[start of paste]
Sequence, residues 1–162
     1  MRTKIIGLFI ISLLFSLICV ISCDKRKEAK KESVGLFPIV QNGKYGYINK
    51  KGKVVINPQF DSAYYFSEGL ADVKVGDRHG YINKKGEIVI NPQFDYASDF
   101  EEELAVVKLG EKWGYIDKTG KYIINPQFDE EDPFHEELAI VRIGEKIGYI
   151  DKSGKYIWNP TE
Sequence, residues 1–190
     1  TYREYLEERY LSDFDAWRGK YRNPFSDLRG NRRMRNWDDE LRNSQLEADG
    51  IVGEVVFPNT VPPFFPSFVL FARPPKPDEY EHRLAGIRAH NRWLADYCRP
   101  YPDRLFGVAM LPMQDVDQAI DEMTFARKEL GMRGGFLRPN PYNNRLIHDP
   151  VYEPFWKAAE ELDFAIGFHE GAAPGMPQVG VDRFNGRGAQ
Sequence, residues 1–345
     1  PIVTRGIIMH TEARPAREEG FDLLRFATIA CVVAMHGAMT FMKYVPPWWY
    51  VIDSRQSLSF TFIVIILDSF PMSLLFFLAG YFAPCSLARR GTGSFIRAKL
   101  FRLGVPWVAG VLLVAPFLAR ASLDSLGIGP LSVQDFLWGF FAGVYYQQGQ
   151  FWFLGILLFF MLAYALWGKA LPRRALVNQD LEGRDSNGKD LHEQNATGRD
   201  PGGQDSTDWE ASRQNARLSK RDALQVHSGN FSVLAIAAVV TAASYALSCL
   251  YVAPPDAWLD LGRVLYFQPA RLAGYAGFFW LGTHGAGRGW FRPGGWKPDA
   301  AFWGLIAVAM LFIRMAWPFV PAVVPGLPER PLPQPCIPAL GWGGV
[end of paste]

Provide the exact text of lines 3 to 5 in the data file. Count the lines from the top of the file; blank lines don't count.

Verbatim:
    51  KGKVVINPQF DSAYYFSEGL ADVKVGDRHG YINKKGEIVI NPQFDYASDF
   101  EEELAVVKLG EKWGYIDKTG KYIINPQFDE EDPFHEELAI VRIGEKIGYI
   151  DKSGKYIWNP TE